As a fitness professional, it is implied that I like working out. It’s true, I like seeing what my body is capable of; I am also a human being with a lot of self discipline, a type A personality, and a tendency to fall into an unvaried routine. For years, I spent time working on motor control exercises that were challenging for me and strength and mobility exercises I could do fairly well. While I constantly learned and challenged myself to explore small movements and improve my body awareness, I wasn’t exactly excelling at developing a long term plan that enabled me to gain strength and mobility. I stayed strong and fit, but only as strong and fit as I was last month, with maybe a bit more body awareness. I wasn’t really moving forward.
We all have habits in movement, in food, and in emotional responses. My habits revolve around fixating on minutiae and figuring out ways to change a person’s experience. It works really well for what I do—I have a knack at seeing patterns in people’s movements that are creating a lack of freedom or not allowing the person to move in a way that feels strong. I’m able to hone in on ways to create better strength, mobility, and coordination. I get upset with myself if I miss something in a person’s movement patterns that could change their experience, reduce pain, or increase their strength; the solution, then, is to not miss anything.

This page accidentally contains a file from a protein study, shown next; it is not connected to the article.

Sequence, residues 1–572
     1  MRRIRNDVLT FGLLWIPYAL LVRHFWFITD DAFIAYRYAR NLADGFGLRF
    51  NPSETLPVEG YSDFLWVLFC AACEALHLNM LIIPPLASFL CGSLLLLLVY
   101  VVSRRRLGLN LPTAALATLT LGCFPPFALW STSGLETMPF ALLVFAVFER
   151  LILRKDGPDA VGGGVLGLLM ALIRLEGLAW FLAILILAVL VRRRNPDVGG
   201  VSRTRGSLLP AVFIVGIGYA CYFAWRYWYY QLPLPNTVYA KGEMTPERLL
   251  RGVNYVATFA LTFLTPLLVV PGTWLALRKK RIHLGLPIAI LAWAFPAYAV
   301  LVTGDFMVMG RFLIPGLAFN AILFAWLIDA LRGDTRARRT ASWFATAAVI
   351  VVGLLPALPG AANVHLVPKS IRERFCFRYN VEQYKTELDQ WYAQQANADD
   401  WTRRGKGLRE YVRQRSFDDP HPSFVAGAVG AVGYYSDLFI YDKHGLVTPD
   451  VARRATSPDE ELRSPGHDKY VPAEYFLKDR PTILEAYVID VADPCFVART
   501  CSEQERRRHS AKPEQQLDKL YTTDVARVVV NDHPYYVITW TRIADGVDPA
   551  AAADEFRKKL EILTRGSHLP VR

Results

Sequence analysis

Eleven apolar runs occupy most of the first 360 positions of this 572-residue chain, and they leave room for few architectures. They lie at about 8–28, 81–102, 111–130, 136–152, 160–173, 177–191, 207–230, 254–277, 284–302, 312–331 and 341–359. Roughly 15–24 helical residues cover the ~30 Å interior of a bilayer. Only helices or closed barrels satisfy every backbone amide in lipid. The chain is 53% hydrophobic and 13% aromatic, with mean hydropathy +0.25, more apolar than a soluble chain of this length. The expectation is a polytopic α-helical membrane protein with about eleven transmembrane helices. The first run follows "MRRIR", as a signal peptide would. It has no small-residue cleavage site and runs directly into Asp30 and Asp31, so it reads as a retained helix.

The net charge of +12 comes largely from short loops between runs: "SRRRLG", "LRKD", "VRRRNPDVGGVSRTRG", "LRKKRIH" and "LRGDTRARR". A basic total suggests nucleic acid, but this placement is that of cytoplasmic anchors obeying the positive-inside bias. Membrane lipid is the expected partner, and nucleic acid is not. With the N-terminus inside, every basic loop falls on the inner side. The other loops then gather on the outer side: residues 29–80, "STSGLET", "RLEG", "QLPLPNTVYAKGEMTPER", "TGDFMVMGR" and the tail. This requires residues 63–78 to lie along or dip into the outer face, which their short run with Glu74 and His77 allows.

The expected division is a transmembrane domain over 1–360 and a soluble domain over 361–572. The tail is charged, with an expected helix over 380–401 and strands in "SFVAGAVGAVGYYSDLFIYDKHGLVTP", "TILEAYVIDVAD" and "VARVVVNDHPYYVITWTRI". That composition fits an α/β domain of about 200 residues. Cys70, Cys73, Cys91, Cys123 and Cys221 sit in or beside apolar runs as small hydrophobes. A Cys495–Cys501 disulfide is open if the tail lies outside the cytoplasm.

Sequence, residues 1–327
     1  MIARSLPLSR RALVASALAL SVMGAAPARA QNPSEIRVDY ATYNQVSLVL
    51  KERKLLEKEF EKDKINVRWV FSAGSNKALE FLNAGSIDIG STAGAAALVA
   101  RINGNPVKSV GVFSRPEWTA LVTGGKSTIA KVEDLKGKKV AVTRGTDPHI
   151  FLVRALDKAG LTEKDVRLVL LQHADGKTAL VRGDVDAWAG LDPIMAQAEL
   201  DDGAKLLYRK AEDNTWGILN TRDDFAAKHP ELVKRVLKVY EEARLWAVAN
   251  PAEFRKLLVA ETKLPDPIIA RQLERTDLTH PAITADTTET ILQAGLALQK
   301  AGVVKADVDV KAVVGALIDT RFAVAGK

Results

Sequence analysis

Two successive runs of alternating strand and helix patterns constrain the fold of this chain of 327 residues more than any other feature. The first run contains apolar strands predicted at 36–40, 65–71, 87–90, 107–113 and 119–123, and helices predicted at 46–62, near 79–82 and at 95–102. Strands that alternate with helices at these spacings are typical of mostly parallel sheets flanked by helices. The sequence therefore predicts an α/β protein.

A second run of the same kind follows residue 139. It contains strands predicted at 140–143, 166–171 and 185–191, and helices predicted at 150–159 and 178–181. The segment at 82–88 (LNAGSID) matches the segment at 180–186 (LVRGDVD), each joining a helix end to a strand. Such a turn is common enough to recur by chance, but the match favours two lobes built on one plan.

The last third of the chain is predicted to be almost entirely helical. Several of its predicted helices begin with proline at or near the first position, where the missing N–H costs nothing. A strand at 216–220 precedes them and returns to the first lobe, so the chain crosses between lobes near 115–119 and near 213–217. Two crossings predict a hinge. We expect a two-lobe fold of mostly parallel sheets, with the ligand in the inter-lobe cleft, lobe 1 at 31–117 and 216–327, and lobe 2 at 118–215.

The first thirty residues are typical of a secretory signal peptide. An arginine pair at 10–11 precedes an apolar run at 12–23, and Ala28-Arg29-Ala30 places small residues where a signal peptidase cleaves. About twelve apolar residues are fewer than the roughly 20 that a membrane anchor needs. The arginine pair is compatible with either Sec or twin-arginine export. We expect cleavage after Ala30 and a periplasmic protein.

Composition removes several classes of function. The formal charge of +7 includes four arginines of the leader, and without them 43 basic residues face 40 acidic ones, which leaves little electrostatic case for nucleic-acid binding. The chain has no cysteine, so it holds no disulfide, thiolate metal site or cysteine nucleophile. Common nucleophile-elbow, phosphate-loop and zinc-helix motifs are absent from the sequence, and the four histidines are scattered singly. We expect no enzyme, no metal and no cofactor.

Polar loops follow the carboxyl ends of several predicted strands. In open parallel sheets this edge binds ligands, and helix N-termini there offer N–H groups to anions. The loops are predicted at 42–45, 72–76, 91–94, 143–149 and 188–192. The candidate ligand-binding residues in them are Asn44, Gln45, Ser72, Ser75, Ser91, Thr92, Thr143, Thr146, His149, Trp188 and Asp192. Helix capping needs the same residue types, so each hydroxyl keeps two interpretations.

My Stagnant Self-Programming
These tendencies don’t translate into strengths when it comes to self-programming. My strong dislike of failure is largely why I used to create workouts for myself that were controlled and the risk of failure was low. If I began working towards a goal that was going to take many months, I would abandon it for something a little bit easier. I enjoyed success; not succeeding, not so much.
Eventually, I realized I was stagnant and a little bit unenthused with the programming I had created for myself. While I felt strong and fairly mobile, I felt like I wasn’t tapping into higher levels of fitness. After working through several online programs and going through an apprenticeship that involved online coaching and feedback, I realized that in order to get out of my box, I needed to put my programming in someone else’s hands. I liked what I liked, and I was pretty sure the likelihood I would continue to work on what I liked (and variations there of), without dealing with the things I didn’t like was very high.